In Afghanistan, US military officials say it's now or never
In the weeks ahead in eastern Afghanistan, US commanders expect violent clashes between Taliban and US soldiers. It could be a key time for American forces, before US troops start exiting.
US military officials in Afghanistan warn that it’s now or never to make key advancements against insurgent fighters, with the surge of US forces at its zenith and the summer fighting season in full swing.Skip to next paragraph
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Yet Taliban forces in the east appear to be launching offensives of their own, with no intention of giving up easily, US military officials say.
Rates of violence bear testament to that resolve. Attacks by insurgents in the east nearly doubled between March 2010 and March 2011. That’s not unexpected, US military officials say, given the surge. They add that attacks in the month of July appear to be on a downward trajectory.
IN PICTURES: Battling the Afghan insurgency
In the weeks ahead, however, US commanders expect violent clashes between Taliban and US soldiers to continue apace in the east, where insurgents often make use of sanctuaries across the border in Pakistan.
With 10,000 of the 30,000 US surge forces scheduled to return to the United States by year's end – the vast majority of which have been based in southern Afghanistan – there is a sense, too, that the clock is ticking for US commanders here.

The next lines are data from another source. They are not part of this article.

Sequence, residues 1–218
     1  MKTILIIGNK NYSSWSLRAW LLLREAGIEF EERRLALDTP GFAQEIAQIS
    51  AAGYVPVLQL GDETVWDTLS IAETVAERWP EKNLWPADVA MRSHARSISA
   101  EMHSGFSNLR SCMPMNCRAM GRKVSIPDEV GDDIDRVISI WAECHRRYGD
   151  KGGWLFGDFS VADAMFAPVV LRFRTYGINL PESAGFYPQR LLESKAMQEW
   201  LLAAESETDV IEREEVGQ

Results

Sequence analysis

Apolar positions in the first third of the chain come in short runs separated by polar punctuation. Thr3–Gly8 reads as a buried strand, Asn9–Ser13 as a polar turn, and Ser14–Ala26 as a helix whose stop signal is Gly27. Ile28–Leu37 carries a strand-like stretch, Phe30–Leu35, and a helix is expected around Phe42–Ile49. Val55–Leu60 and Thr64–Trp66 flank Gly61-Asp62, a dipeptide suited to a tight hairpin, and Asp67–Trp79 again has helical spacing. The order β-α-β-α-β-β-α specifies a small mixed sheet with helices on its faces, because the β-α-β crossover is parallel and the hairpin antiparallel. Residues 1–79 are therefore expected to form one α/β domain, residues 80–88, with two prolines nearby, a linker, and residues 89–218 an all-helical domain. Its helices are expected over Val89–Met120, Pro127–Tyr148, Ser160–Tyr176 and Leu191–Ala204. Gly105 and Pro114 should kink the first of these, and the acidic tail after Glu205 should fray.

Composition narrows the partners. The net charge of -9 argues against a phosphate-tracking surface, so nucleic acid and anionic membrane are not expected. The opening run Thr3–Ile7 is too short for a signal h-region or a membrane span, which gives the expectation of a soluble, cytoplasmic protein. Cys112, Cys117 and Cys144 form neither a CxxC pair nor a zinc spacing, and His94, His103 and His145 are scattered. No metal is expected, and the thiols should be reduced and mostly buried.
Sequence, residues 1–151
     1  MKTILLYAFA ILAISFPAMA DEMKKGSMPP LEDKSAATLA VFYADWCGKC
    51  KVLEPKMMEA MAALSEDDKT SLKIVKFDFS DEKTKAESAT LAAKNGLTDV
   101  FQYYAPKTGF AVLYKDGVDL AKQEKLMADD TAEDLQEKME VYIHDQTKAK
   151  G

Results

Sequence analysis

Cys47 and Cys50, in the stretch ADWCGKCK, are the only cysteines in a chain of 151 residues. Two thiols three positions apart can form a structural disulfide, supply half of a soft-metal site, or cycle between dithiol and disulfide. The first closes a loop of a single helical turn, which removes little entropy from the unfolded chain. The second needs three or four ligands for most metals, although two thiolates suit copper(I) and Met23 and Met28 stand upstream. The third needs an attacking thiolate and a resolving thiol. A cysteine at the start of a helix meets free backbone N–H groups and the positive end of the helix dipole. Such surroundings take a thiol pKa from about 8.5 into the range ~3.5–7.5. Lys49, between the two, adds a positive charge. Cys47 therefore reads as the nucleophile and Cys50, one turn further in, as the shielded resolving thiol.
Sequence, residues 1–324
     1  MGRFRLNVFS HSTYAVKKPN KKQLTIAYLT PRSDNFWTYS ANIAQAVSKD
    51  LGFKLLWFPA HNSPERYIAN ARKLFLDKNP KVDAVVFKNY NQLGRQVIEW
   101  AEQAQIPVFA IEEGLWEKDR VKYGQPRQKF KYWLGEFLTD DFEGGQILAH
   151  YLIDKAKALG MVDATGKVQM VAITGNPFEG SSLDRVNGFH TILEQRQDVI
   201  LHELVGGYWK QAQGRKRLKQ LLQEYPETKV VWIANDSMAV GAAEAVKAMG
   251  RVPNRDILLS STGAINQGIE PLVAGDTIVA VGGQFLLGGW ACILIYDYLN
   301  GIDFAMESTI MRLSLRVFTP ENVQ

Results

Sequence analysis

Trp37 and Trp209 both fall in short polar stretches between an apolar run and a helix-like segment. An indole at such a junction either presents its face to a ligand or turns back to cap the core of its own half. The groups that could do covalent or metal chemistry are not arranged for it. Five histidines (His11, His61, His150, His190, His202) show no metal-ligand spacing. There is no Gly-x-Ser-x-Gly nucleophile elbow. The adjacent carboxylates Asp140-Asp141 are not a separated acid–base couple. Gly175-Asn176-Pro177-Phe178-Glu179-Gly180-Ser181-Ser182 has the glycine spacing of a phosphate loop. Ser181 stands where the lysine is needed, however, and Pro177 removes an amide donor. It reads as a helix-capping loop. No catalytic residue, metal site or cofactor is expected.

“We have more forces [in Afghanistan] right now than we will ever have,” says Col. Clay Hall, commander of the US Air Force’s 455th Expeditionary Operations Group (EOG). “There’s a feeling of, ‘Let’s use them to maximum effect.’ As we pull out,” with fewer and fewer US troops on the ground, “those engagements are going to become less and less effective.”
The US military’s role in Afghanistan was to be a central point of discussion in at least two congressional hearings this week. Gen. Martin Dempsey fielded questions on the way forward in Afghanistan during his Senate confirmation hearing Tuesday for serving as chairman of the Joint Chiefs of Staff. The House Armed Services Committee, on Wednesday, was to hear testimony from former military and defense officials about US activity in Afghanistan. [Editor's note: The original version of this paragraph should have indicated that the House Armed Services Committee hearing was on Wednesday.]
On the ground here, US commanders say they see few signs of violence abating. Military officials point to a hair-raising battle between insurgents and US troops on May 25 in the violent eastern province of Nuristan.